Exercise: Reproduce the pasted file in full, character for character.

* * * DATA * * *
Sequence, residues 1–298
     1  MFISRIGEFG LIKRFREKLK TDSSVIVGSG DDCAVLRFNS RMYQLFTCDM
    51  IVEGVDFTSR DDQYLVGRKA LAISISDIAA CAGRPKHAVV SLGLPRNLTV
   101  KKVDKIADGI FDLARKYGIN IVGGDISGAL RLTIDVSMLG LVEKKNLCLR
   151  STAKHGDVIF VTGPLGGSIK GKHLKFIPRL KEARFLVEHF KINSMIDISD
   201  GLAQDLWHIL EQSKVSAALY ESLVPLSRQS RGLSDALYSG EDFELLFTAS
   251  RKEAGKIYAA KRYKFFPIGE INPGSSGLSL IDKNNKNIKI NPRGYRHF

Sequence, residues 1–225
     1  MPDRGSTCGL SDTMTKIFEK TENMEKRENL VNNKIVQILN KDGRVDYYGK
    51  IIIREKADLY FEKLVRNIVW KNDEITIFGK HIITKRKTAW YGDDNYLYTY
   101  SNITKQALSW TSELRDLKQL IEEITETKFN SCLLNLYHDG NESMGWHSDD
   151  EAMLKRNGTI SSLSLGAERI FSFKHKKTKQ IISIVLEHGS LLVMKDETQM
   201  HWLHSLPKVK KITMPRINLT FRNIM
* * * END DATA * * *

Sequence, residues 1–298
     1  MFISRIGEFG LIKRFREKLK TDSSVIVGSG DDCAVLRFNS RMYQLFTCDM
    51  IVEGVDFTSR DDQYLVGRKA LAISISDIAA CAGRPKHAVV SLGLPRNLTV
   101  KKVDKIADGI FDLARKYGIN IVGGDISGAL RLTIDVSMLG LVEKKNLCLR
   151  STAKHGDVIF VTGPLGGSIK GKHLKFIPRL KEARFLVEHF KINSMIDISD
   201  GLAQDLWHIL EQSKVSAALY ESLVPLSRQS RGLSDALYSG EDFELLFTAS
   251  RKEAGKIYAA KRYKFFPIGE INPGSSGLSL IDKNNKNIKI NPRGYRHF

Sequence, residues 1–225
     1  MPDRGSTCGL SDTMTKIFEK TENMEKRENL VNNKIVQILN KDGRVDYYGK
    51  IIIREKADLY FEKLVRNIVW KNDEITIFGK HIITKRKTAW YGDDNYLYTY
   101  SNITKQALSW TSELRDLKQL IEEITETKFN SCLLNLYHDG NESMGWHSDD
   151  EAMLKRNGTI SSLSLGAERI FSFKHKKTKQ IISIVLEHGS LLVMKDETQM
   201  HWLHSLPKVK KITMPRINLT FRNIM